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Got Spare Time? Stay Proactive as a Filmmaker

In the freelance career there will be free time, unless you are really lucky or fortunate enough to have diversified contacts. If you're a freelancer you've already experienced slow season and know how to prepare for it financially and mentally. If you're new to freelancing or just starting, the holiday season at the end of the year till late February are usually the slow season for productions. You will experience downtime that can last for months. If you're lucky to pick up a few gigs in the slow season, consider yourself lucky.

This downtime can be the perfect time to do research and build skills to advance yourself in your profession. I will mostly talk about the lighting and camera department in film but the same terms apply for other departments.

Here are seven things you can do to improve your skills and expand your knowledge in your film career.

1. Watch behind the scene videos on Youtube

Youtube can be an invaluable resource. You can learn things you don't expect to learn. For film production it is no different. You probably have channels you follow already regarding film production. Here are some channels that you might not know.

And much, much more. The more you get into it, the thread of videos will lead you to channels of your preferences. Don't be afraid to branch away from these channels. I only listed a few different types of sources, there are many channels that are similar. If you are interested in another department, Hollywood Reporter's Roundtable also features directors, actors, writers, producers, and much more.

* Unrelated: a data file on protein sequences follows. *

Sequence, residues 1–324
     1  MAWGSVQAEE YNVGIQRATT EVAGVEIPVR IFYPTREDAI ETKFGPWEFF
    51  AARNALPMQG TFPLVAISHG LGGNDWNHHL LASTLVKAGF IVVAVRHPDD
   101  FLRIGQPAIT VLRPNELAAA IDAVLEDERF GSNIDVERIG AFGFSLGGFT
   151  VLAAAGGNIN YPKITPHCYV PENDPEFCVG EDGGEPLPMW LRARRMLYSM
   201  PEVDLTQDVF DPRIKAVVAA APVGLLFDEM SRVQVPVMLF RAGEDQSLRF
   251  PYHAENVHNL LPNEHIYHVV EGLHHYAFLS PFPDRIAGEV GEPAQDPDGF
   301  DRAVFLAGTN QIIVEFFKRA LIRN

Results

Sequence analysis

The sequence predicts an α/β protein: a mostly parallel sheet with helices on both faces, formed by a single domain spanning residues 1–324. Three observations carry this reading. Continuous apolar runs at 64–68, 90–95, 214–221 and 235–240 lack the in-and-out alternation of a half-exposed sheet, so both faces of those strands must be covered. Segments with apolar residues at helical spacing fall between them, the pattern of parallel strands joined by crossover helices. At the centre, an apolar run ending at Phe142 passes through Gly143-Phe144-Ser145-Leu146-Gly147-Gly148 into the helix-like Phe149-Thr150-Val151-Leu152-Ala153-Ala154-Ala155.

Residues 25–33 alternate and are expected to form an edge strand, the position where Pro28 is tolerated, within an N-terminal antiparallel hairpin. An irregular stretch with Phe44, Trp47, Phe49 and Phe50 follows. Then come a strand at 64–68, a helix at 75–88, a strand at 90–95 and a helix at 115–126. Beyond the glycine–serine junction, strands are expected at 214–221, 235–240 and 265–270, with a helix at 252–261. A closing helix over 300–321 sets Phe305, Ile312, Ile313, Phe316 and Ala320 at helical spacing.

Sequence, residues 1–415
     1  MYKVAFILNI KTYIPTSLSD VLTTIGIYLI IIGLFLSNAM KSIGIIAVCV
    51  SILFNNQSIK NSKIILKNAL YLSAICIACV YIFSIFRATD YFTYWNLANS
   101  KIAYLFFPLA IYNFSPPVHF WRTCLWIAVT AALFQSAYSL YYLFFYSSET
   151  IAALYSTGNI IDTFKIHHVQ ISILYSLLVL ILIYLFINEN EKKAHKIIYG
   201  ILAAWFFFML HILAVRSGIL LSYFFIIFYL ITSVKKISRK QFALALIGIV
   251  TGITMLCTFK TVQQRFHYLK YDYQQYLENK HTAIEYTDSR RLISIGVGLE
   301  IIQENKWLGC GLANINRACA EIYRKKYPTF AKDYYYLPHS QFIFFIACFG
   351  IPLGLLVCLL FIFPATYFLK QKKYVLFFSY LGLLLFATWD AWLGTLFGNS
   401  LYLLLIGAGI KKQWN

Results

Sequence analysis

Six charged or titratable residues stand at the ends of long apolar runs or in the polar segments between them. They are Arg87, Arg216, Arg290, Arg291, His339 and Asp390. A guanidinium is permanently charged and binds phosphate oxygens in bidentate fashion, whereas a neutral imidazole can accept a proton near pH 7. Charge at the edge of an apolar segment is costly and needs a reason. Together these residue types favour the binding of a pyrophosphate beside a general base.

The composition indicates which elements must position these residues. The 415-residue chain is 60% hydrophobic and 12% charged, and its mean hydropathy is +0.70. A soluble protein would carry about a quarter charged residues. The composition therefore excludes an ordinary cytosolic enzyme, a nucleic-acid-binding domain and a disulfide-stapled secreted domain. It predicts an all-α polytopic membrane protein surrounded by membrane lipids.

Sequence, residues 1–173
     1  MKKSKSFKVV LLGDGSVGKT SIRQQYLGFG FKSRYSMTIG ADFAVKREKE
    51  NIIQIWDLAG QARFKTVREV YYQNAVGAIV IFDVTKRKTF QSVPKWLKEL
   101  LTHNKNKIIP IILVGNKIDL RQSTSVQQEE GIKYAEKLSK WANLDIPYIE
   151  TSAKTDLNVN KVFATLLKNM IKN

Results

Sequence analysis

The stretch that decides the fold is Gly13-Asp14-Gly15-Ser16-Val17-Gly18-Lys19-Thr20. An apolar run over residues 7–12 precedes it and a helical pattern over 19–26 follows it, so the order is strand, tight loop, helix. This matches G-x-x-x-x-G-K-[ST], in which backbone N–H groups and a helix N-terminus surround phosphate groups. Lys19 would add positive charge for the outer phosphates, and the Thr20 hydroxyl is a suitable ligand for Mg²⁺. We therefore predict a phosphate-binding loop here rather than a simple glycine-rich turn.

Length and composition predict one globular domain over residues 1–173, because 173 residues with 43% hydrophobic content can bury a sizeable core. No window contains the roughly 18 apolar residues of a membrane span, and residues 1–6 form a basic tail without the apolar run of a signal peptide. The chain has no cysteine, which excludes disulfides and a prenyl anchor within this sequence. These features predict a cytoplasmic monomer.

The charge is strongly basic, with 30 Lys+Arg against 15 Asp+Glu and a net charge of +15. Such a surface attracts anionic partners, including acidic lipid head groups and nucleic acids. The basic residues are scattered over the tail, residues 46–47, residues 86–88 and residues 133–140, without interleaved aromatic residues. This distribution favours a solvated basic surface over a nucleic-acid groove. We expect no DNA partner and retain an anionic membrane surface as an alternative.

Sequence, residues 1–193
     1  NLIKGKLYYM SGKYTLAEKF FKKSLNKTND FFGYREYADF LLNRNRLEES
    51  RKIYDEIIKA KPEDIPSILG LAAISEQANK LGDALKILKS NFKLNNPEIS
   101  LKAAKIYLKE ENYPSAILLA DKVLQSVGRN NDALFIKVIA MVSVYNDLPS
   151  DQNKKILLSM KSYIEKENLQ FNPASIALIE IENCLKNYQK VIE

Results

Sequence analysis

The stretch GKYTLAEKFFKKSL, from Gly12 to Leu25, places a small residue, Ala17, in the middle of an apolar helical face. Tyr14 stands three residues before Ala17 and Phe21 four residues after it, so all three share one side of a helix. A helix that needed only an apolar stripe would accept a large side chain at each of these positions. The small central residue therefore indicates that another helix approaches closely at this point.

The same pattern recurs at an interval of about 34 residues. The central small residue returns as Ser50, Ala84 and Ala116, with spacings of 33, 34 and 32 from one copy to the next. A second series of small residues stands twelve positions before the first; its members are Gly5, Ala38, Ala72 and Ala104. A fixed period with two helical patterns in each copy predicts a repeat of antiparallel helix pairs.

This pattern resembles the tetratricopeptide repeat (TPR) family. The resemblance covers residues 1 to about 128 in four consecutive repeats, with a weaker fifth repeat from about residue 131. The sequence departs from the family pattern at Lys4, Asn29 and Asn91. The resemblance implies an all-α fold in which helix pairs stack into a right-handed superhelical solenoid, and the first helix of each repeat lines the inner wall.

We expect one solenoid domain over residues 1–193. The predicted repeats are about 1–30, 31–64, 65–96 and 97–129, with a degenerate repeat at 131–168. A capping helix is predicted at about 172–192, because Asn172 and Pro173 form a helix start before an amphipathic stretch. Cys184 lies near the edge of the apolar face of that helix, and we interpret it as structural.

2. Stay active on social media, join or follow production groups, and improve your exposure.

Social media is an essencial resource to find production gigs. This industry is heavily based on networking. Again these are mostly for Camera and lighting, but there are groups and pages that corresponds to your department.

  • Facebook: If you are in the Tri-state Area, Local Zero Heroes, Filmmakers Community and NYC TV & Film Production Community are just some of the groups that offer jobs but they also offer invaluable information.

  • Instagram: Local728, GripRigs, #cinematographer, Dan_Mindel (Dan Mindel ASC), rmorrison (Rachel Morrison ASC), greigfraser_dp (Greigh Fraser ACS, ASC), shittyrigs, rpstam (Rogrigo Prieto ASC), reedmoreno (Reed Moreno ASC). There are many more Cinematographer, Directors, actos and other professionals that have instagram pages, so if you follow them on twitter or anywhere they most likely have an instagram page.

  • Twitter/Discord/other online social media platforms.

3. Magazine/Books/Podcasts

Try to get your resources for free. I believe that you can get these books at the library or borrow it from a friend. I have a bunch of books that I borrowed and are being borrowed. Go through your contacts first and other free resources like your school before you buy these books or magazine.

Books: American CInematographer Manual, Set Lighting Technician Handbook, The Art of Illusion. I guarantee there is a book that tailers to your department online.